Every parent who has kids planning to go to college thinks about the cost. How could you not? When we’re starting to see the $70,000 a year mark regularly surpassed at private colleges (for tuition, room & board), the idea of coming up with that kind of money by an August due-date four years running is daunting.
Sure – for a fee – most colleges will let you set up a monthly payment plan. But who has thousands of extra dollars (per student in college!) just lying around every month?
Walking through the experience of paying for college for the first time since I went to college myself was eye-opening, to say the least.
Families try to save for college … and it often seems overwhelming thinking about actually being able to accumulate anything close to the entire amount, especially for families who are in the middle of actually raising their kids.
It can even feel like having savings will just count against you when applying for financial aid. But save as much as you can anyway. Having that money will be a huge help if you learn that your college-bound student does not qualify for much in the way of needs-based scholarship programs – which unfortunately is often the case for families with two working parents.
The Wall Street Journal recently had a Journal Report special section article entitled, “Mistakes to Avoid With a Key College Financial-Aid Form.”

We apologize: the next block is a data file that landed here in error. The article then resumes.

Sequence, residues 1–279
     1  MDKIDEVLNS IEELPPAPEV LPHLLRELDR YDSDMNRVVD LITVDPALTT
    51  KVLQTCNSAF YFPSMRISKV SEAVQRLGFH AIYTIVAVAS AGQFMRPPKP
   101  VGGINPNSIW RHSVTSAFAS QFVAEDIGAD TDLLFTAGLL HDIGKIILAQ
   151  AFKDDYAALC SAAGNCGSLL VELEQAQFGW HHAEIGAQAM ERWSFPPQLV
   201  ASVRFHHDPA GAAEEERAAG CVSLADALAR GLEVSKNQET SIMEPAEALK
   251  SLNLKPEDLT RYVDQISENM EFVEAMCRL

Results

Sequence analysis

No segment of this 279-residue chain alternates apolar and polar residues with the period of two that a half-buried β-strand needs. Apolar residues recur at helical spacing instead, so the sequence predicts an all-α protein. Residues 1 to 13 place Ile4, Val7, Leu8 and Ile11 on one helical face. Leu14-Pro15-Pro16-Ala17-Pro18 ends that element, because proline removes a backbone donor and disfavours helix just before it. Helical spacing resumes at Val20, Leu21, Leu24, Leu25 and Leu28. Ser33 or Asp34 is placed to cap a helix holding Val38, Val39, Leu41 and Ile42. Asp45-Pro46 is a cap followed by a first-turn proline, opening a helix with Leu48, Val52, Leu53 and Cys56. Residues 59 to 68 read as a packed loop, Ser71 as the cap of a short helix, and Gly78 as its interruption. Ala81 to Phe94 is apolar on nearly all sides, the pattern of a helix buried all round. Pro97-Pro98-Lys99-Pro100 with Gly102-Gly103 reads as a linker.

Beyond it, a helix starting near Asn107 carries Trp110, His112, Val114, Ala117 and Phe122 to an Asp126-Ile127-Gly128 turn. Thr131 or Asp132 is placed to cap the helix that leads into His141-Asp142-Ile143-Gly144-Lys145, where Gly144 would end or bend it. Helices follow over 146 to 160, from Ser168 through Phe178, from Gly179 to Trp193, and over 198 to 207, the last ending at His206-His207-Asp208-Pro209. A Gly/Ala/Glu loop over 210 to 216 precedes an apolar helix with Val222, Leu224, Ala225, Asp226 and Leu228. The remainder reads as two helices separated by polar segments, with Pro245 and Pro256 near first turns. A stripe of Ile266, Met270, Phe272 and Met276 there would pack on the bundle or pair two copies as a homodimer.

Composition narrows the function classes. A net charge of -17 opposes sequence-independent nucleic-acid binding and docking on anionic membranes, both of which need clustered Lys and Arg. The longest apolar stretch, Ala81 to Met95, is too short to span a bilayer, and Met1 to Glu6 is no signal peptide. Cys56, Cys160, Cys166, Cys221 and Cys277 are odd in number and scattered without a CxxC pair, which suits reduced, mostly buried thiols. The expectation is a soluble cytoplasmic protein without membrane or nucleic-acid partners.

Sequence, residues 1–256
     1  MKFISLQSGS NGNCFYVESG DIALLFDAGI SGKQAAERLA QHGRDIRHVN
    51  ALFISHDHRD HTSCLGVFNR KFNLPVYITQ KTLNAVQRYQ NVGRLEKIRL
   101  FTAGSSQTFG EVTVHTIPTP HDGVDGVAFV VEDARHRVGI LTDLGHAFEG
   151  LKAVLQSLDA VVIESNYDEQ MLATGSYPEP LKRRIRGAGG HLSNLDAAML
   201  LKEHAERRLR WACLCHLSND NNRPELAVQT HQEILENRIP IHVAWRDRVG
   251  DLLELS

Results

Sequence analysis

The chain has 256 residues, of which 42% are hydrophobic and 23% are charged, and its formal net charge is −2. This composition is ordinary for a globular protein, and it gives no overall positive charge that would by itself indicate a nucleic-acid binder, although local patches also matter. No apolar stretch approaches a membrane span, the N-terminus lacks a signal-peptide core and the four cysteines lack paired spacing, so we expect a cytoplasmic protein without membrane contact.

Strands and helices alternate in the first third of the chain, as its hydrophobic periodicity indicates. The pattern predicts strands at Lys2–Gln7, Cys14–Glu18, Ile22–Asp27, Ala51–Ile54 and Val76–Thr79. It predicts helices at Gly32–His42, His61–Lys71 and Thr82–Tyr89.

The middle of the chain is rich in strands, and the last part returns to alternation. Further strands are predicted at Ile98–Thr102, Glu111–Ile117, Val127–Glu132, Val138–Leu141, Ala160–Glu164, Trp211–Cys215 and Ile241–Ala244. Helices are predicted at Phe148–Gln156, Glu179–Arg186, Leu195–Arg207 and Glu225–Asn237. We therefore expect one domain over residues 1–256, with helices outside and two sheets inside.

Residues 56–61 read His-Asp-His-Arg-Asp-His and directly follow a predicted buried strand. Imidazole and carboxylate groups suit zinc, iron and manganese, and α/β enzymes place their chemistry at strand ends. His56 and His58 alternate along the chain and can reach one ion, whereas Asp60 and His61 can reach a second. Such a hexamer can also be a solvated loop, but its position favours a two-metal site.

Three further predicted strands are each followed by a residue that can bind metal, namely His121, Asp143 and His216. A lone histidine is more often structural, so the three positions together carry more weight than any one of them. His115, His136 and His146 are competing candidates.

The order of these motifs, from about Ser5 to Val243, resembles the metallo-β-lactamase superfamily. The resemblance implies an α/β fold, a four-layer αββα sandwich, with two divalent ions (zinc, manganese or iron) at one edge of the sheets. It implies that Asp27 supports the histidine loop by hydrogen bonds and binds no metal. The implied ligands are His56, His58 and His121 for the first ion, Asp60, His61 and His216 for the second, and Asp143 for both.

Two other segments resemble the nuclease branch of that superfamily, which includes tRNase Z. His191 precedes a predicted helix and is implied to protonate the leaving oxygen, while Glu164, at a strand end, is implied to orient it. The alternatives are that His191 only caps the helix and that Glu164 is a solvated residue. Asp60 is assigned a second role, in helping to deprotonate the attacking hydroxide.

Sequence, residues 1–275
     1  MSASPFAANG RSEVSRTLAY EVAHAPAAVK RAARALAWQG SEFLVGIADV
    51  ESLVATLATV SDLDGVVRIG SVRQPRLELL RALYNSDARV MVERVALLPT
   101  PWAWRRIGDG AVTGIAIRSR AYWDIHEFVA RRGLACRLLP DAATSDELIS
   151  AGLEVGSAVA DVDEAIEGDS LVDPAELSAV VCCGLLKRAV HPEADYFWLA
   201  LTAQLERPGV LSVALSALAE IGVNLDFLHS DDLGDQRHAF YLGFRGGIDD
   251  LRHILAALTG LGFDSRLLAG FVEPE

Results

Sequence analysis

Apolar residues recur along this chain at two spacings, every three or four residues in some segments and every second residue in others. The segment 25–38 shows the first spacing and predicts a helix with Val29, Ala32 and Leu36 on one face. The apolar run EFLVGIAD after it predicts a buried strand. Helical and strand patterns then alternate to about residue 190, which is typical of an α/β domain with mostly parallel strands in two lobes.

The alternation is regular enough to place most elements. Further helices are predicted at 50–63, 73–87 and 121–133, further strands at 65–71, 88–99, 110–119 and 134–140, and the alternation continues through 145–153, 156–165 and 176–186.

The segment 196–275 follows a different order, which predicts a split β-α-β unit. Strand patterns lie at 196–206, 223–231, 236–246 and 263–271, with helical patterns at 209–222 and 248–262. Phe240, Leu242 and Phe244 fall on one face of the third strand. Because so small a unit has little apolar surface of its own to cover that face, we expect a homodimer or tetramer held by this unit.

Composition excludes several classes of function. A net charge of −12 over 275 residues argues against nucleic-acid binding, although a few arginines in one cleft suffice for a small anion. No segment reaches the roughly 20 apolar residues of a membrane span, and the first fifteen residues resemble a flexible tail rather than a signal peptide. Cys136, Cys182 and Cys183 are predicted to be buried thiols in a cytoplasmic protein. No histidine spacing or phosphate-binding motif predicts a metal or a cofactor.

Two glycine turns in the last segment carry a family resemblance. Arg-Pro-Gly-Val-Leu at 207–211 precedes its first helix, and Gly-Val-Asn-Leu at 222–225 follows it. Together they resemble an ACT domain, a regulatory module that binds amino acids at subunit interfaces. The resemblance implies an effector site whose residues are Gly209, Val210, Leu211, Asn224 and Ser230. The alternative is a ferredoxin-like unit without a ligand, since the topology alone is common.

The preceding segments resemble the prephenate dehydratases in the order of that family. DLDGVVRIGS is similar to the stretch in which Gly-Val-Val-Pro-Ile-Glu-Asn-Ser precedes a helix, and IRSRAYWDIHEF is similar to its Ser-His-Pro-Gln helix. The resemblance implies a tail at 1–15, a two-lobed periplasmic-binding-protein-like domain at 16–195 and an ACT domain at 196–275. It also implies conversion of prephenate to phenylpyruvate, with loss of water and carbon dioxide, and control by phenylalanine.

They were referring to the College Scholarship Service (CSS) Profile. “Getting it wrong,” they said, “can cost a lot of money.”
Filling out the other financial aid form – the Free Application For Federal Student Aid or FAFSA form – was a challenge, and I say that as someone who has spent a career as a bank examiner with the FDIC and as a banker.
At the Bank, we often tell customers to feel free to come talk to us when they’re considering a significant financial move. There are a lot of situations we see all the time, so we have ideas of what has worked well for other people. Also – since we’re not personally involved with a customer’s finances – we can offer an objectivity people tell us they value and appreciate.
Short of buying a house, there’s no more significant financial event for most families than paying for college. For many, college will end up costing as much – or more! – than their house!
I did not consult with an independent college planner this year. But having gone through the process once, I am seriously considering it now.
Having an independent, objective college planning expert on the team – helping to sort colleges, fill out confusing and complicated financial aid forms, evaluate loan options and deal with the very natural emotions involved – could definitely be a time-saver for any family. Possibly a money-saver too. Since most college planners seem to offer a free initial consultation, there’s nothing to lose by exploring that option.
One other option to consider if it’s right for your child: Joining the military. Having had the honor myself of serving as a Captain in the Army National Guard, I can speak to the life-long benefits of being in the military. The practical leadership development and team-building training I had in the Reserve Officers’ Training Corps (ROTC) was by far the best educational experience of my college years. For a young person genuinely interested in military service, the excellent ROTC scholarship program and GI Bill educational benefits are a very nice added plus.
Nick Maffeo is the President & CEO of Canton Co-operative Bank in Canton. “Smart About Money” is a regular column he writes for the Canton Citizen. Have a financial question you’d like to ask? Email to firstname.lastname@example.org.